As the Arab Spring continues to dominate our media outlets, a crisis has unfolded in Sudan. Whilst events in the Middle East and North Africa warrant focus, we risk letting chaos in Sudan go by unnoticed and an opportunity for exerting our influence to pass us by.
Escalating violence in the disputed territory of Abyei and the state of South Kordofan has parallels with the crisis in Darfur in which 2.7 million people were displaced and 300,000 killed (according to the UN).
The international community was very slow to respond to the Darfur crisis. There is a danger that history will repeat itself.
In January I wrote of ‘cautious optimism‘ on the outcome of the vote for independence in the referendum on secession in South Sudan. I too warned that this vote marked an important milestone but that a Yes vote and independence would not inevitably be the panacea for Sudan’s woes.
Whilst real progress had been made, a number outstanding issues threatened to undermine progress and stability.
In May, when unidentified attackers fired on Sudan Armed Forces (SAF) soldiers, accompanied by a United Nations Mission in Sudan (UNMIS) convoy, Khartoum’s armed forces occupied the town of Abyei, a territory yet to be demarcated as either within the North or South; following separation. Violence ensued. Humanitarian agencies have reported over 110,000 displaced in the Abyei area and humanitarian access has been severely limited.
In South Kordofan (a former battle front during the decades of civil war in Sudan) earlier this month fighting erupted. 60,000 people are subsequently said to have been displaced. SAF has used aerial bombardment against the state capital, Kadugli. Much criticism has been levelled at the perceived failures of units of the UNMIS stationed in South Kordofan to protect civilians and guarantee humanitarian access.
The British government has been right in its condemnation of violence and calls for securing passage for humanitarian relief. The UK has encouraged the Sudan government to agree to a third party UN peacekeeping force in Abyei and has pursued diplomatic efforts in Khartoum, Juba and in Addis Ababa, where this week negotiations have been taking place between the government of Sudan and the government of South Sudan.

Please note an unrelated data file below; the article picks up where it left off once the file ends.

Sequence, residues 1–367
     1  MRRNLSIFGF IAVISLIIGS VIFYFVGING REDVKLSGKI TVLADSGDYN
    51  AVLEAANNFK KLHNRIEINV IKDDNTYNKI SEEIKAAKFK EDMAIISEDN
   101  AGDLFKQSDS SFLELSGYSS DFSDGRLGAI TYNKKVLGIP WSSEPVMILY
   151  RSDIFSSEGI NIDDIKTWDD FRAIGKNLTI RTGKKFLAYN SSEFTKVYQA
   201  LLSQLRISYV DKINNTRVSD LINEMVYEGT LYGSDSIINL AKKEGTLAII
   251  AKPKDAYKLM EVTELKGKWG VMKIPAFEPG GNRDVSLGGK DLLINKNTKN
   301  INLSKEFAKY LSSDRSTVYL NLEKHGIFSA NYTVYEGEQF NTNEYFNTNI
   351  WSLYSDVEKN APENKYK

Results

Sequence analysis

Whilst this is of course important, Britain has a responsibility, as a crucial player at the CPA negotiations, to ensure the political as well as diplomatic energy for measures to prevent further violence and the risk of a return to civil war in Sudan.
The government must exhaust all channels, using its unique position within the multilateral institutions of which it holds such influence, to secure robust and meaningful security arrangements in Abyei, South Kordofan and other trouble spots along the North/South border – the detail of which remains at the heart of the strife.
Second, the UK must work to secure the parameters for a UN presence beyond July 9th – the date set for independence of South Sudan – that will enable foundations for addressing the outstanding issues contained within the CPA.
International leadership and a renewed focus is what is needed now on Sudan. The UK must prove it has the commitment to engage in international institutions; through which we should to utilise our influence to prevent suffering for a people who have endured so much already.
Stephen Twigg is Shadow Minister for Africa and the Middle East